The Tortoise The 'testudo' The tortoise formation was one of the prime examples of Roman ingenuity at warfare. When deployed in such a way, the legionaries became virtually invulnerable to arrows or objects dropped from defensive walls.
The Wedge The wedge was an aggressive formation used to 'crack open' enemy lines. Relatively small groups of legionaries could form such a triangle and then drive their way into the enemy ranks. As more Roman soldiers reinforced the wedge from behind, the enemy line could be forced apart. As breaking the enemy's formation was very often the key to winning a battle, the wedge formation was vitally important battlefield tactic of the Roman army.
The Skirmishing Formation The skirmishing formation is essentially the opposite to the closely packed line of battle used by legionaries. It is a widely spaced line. Every second man of the line has stepped forward a few paces, effectively doubling the amount of ranks. However, the gaps created by this formation are always overlapped by the next line to follow. The roots of this formation are more than likely to be found with the velites, the lightly armed skirmishers who operated ahead of the main force in the early Roman army. The wide spaces allow each soldier great mobility. Its possible uses were manyfold. It would make an advance over difficult terrain much easier. It could allow for swift attacks with subsequent quick withdrawals. It would allow for any friendly units falling back to pass through the formation. It also could be used by a victorious army sweeping over the battle field, killing all that was left in its way.
Repel Cavalry ! The order to repel cavalry by Roman army officers brought about a defensive formation, in which the front rank formed a tight wall of shields with their pila protruding to form a line of spearheads ahead of the wall. Undoubtedly it would be very hard to bring a horse to break into that formation. The most likely occurrence would be that it would come to a halt of its own will ahead of the spearheads. It was at that moment that horse and rider would be at their most vulnerable against the ranks behind the first line of infantry which would then hurl their spears at them. Given the short distance and the training legionaries received, it is likely such halted cavalry, frantically trying to turn their horses around to retreat, whilst colliding with horses following in the charge, would prove very easy targets. If one further considers the likely possibility of archers being present, as is the case on the photo above, the effect of this formation could indeed be devastating.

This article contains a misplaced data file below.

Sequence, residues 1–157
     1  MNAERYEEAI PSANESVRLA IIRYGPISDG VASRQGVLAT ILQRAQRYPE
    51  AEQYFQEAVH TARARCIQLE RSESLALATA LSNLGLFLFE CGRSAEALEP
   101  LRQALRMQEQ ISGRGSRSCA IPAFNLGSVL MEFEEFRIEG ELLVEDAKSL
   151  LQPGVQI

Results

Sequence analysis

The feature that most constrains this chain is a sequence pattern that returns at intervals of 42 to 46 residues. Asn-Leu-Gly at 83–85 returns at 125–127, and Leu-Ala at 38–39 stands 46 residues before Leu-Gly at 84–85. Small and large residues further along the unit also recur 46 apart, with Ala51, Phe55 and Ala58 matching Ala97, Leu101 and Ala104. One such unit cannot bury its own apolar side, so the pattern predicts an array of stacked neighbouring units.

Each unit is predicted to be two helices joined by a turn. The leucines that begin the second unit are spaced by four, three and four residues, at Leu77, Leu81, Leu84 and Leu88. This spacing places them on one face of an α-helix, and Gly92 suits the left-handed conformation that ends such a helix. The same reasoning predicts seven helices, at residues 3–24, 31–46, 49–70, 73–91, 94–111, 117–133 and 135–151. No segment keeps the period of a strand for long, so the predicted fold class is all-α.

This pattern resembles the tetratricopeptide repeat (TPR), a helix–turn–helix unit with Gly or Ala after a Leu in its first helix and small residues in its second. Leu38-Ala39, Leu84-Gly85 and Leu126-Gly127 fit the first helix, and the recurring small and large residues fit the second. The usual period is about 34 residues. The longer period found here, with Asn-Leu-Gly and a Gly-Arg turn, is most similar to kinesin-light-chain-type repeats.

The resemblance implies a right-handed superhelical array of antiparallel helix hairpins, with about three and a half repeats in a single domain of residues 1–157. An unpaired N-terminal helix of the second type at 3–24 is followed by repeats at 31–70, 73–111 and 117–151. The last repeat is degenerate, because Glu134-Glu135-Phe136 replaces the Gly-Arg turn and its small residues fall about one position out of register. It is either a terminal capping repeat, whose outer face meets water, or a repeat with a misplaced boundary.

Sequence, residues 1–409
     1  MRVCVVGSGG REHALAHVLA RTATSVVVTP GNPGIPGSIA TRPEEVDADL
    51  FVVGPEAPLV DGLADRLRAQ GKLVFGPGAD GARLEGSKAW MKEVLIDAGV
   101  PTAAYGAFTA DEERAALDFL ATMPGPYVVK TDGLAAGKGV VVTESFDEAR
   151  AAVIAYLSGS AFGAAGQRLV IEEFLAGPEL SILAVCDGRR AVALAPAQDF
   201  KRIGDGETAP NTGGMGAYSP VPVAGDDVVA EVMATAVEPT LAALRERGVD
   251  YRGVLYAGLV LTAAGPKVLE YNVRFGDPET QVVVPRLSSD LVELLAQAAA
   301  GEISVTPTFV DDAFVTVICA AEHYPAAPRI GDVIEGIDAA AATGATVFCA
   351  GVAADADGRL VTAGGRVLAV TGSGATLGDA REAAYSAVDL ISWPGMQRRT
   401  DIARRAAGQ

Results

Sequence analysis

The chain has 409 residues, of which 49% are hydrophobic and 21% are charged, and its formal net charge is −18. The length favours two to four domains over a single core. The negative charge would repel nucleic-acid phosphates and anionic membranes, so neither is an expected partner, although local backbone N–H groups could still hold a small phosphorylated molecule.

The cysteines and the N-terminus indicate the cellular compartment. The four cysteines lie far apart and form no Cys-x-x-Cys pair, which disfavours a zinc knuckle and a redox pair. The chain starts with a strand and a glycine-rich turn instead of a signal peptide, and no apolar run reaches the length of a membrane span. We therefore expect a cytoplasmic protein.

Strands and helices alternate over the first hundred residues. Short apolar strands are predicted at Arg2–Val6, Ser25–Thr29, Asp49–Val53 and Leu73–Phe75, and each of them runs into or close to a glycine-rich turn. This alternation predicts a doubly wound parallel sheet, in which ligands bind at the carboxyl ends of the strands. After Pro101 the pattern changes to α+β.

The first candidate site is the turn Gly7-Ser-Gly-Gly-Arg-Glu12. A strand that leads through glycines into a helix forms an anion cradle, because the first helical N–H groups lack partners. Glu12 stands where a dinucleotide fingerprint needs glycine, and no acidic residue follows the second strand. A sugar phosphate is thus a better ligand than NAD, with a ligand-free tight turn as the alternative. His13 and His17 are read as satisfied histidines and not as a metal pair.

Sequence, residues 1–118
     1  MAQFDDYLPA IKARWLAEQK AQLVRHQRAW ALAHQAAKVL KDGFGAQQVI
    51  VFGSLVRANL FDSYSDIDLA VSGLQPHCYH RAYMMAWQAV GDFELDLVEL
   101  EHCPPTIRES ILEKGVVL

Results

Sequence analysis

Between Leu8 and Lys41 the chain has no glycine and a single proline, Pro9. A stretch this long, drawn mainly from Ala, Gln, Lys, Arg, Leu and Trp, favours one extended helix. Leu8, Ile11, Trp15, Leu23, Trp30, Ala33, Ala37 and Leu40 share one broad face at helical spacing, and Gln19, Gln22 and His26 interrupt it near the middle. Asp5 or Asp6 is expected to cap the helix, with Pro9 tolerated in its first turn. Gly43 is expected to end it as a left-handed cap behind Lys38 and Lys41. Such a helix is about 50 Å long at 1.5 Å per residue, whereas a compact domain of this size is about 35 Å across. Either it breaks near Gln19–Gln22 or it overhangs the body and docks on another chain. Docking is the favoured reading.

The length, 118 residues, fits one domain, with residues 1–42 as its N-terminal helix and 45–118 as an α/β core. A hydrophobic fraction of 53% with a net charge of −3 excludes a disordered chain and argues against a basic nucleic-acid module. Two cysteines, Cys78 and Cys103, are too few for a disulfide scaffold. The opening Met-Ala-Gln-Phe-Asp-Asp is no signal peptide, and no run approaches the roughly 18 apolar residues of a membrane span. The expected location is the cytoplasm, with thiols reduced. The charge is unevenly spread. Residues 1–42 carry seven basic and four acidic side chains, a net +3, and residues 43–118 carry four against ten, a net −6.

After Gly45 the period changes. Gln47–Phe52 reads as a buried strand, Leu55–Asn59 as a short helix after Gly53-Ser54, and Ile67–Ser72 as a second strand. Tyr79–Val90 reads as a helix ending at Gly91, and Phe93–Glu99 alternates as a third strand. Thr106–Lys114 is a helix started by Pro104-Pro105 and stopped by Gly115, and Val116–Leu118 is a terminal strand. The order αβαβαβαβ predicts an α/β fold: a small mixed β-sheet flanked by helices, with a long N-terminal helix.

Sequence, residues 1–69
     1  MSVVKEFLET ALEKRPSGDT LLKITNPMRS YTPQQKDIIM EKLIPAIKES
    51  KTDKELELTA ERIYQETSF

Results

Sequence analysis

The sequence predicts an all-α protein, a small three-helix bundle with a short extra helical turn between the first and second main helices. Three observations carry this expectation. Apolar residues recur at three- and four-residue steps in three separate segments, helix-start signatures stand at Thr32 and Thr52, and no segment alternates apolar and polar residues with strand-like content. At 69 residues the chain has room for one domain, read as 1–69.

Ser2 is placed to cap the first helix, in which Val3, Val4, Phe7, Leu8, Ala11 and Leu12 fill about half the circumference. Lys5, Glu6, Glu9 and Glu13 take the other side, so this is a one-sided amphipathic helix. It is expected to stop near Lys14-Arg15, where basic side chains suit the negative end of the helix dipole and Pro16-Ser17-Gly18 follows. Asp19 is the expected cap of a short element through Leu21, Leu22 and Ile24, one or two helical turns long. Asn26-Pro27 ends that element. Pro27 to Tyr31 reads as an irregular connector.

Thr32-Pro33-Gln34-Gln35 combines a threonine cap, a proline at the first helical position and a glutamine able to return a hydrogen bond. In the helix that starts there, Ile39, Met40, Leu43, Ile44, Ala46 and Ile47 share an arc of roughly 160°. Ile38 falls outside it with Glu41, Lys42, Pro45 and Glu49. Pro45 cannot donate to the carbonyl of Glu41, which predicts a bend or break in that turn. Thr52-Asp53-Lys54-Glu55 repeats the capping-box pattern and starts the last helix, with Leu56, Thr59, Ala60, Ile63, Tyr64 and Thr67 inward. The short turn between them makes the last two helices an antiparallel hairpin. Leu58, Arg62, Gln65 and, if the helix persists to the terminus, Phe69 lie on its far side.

The Orb orb-01.jpg - 43235 Bytes The orb was a defensive formation in the shape of a complete circle which could be taken by a unit which had either become detached from the army's main body and had become encircled by the enemy, or a formation which might be taken by any number of units if the greater army had fallen into disorder during a battle. It can hence be seen as a formation representing a desperate 'last stand' by units of a collapsing army. But also it can be seen as a disciplined holding position by a unit which has been divided from the army's main body in battle and which is waiting for the main force to rejoin them. In either case, it is not a formation one would like to find oneself in, as it obviously indicates that they are surrounded by the enemy. Naturally any officers or archers would be positioned in the centre of the orb, as can be seen in the example above.
The Siege Tower A model of a Roman siege tower at the Museo della Civilta in Rome. This collossal tower on wheels would mainly be used to provide height for archers and ballista catapults. From this vantage point they would be able to fire their arrows and bolts at the men atop a city's walls and turrets, thus allowing the Roman soldiers to work on creating a hole in the wall, without being attacked from above. This particular model even has the ram built into its base, so that the soldiers operating it can work within the safety of the tower.
The Scorpio-Ballista A photo of a recreated Roman ballista-type 'Scorpion' catapult. In essence it's much the same, but smaller than a basic 'ballista'.
The Onager A model of an onager catapult at the Museo della Civilta in Rome. This machine would be the heavy artillery to the ancient world. The handles to the left (rear of the catapult) are in fact levers by which the soldiers would wind the throwing arm back. On the right you see a cushion at the front of the catapult. No doubt it was there to soften the blow of the throwing arm and so help to prevent the machine from tearing itself apart.